Naval Academy chapel dome slated for renovation

The Naval Academy will renovate the iconic chapel dome beginning this winter. The academy will soon commence the $8.9 million project, which will restore parts of the masonry wall and dome in the next year. The academy awarded G-W Management Services LLC the contract in late September. “I am writing to make you aware of a significant project that is about to commence at the chapel,” academy Chief of Staff Capt. George Lang wrote in a memo to academy faculty and staff. (Capital)

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Open enrollment ends December 15, 2018

Open enrollment to buy, change, or renew a qualified health plan for 2019 will end December 15 for healthcare starting on January 1, 2019. Remember that Medicaid enrollment is year-round, and Medicaid-eligible Marylanders may start their coverage immediately. Marylanders who are enrolled in Medicaid must renew their Medicaid coverage once a year through the Maryland Health Connection. (MedChi)

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Baltimore passes 'Complete Streets' law requiring more bike-, pedestrian-friendly road design

Baltimore officials on Thursday announced the passage of the “Complete Streets” law, a broad set of regulations requiring the city’s Department of Transportation to design roadways, sidewalks and bike lanes in a way that promotes walking, bicycling and public transit, beyond just cars. Councilman Ryan Dorsey, who sponsored the legislation, said it will set up Baltimore for success and improved equity in the future by encouraging “designing for a more human-scale city.” Mayor Catherine Pugh signed the bill into law late last week, and Dorsey held a news conference at City Hall Thursday to celebrate it. (Balt. Sun)

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Baltimore City Council releases police commissioner pick Fitzgerald's resume, begins confirmation process

The confirmation process for Baltimore police commissioner nominee Joel Fitzgerald officially began Thursday, as the City Council takes up his nomination at its final meeting of the year. Unlike past nominees, Fitzgerald has chosen to stay in his current job as the chief of police in Fort Worth, Texas, saying he’ll begin working in Baltimore once he’s confirmed by a council vote. On Thursday, The Baltimore Sun reported new details about how Fitzgerald emerged as Mayor Catherine Pugh’s choice. The mayor first met him in May and ultimately picked him from a list of candidates in October. (Balt. Sun)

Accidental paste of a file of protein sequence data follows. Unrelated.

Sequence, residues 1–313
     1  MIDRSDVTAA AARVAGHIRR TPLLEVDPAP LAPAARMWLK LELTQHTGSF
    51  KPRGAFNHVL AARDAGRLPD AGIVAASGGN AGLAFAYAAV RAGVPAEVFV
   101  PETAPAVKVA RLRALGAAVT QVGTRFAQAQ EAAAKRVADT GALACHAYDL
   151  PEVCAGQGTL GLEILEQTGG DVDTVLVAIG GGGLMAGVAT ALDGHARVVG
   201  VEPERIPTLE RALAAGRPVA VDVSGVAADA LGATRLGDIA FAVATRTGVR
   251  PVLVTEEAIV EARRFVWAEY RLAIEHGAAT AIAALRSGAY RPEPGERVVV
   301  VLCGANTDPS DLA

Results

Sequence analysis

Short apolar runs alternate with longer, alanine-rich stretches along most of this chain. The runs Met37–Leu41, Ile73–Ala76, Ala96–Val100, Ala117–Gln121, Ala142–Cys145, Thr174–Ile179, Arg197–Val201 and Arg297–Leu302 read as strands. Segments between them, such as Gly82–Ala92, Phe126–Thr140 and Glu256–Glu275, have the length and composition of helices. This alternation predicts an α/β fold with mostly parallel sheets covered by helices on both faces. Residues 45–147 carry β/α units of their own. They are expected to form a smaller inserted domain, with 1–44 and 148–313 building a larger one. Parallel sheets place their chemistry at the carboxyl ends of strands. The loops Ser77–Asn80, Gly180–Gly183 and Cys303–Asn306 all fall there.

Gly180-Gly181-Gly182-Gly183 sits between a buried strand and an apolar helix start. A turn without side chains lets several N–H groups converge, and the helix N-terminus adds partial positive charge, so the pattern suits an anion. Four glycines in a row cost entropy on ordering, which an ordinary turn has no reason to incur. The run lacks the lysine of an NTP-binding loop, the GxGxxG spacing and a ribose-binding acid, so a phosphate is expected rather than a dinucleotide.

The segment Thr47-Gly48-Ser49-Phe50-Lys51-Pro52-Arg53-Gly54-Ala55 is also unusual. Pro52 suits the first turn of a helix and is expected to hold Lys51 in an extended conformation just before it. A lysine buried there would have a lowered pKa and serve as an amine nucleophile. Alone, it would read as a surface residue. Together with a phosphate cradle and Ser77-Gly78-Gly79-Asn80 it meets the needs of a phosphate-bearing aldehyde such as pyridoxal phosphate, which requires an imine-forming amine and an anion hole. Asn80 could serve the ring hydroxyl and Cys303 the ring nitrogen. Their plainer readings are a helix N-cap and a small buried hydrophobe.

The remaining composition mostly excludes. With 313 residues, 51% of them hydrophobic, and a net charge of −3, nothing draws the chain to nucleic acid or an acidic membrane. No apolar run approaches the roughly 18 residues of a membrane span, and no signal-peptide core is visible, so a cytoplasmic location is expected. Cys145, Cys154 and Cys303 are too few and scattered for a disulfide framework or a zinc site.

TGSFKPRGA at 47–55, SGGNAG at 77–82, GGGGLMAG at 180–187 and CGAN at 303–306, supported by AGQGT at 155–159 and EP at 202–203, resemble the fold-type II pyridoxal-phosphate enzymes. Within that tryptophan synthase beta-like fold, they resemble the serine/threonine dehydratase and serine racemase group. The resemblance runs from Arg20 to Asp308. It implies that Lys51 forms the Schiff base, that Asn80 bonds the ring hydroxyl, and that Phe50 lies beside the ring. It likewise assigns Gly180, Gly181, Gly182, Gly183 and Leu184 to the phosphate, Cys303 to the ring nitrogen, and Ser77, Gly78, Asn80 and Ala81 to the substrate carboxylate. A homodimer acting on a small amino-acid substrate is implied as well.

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Bike share returns: Lime to debut dockless bicycles in Baltimore this weekend

Bike share will return to Baltimore this weekend. Lime Bikes, which has operated a fleet of its dockless rental scooters under a six-month pilot agreement with the city Department of Transportation since August, will drop 100 electric-assisted dockless bicycles on streets this weekend and expand from there, according to German Vigil, a transportation department spokesman. Lime did not immediately respond to requests for comment Thursday. (Balt. Sun)

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Baltimore police oversight panel withdraws lawsuit against city over internal affairs records

The Civilian Review Board, a panel of volunteers that reviews Baltimore police misconduct complaints, is withdrawing its lawsuit filed last month after the city refused to release police internal affairs records amid a dispute over confidentiality agreements. The board’s attorney planned to release a notice of dismissal of the lawsuit Thursday, said Bridal Pearson, the board’s chairman. The decision was made after the Police Department agreed to release official police internal affairs records to board members. (Balt. Sun)

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Feds: Ex-Baltimore police officer admitted misconduct, expanding scope of Gun Trace Task Force corruption probe

A former Baltimore police officer has admitted to the FBI that he stole money, lied in police reports and improperly used electronic surveillance devices, federal prosecutors in California said — widening the scope of police misconduct unearthed by the Gun Trace Task Force scandal. Former Det. Matthew Ryckman resigned from the Bureau of Alcohol, Tobacco, Firearms and Explosives in Sacramento this fall after admitting the misconduct in an interview with the FBI, according to a Nov. 16 letter sent by the U.S. Attorney’s Office in California to local defense attorneys that was obtained by The Baltimore Sun. (Balt. Sun)

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Howard County's police chief stepping down

After a 35-year-career with the Howard County Police Department, Chief Gary L. Gardner is bowing out. “While this was a challenging decision, I look forward to the future and spending more time with family,” Gardner said in a statement. “I am proud of what we have accomplished over the past four and a half years, and I know the agency will continue to build upon a foundation of excellence.” (Ho. Co. Times)

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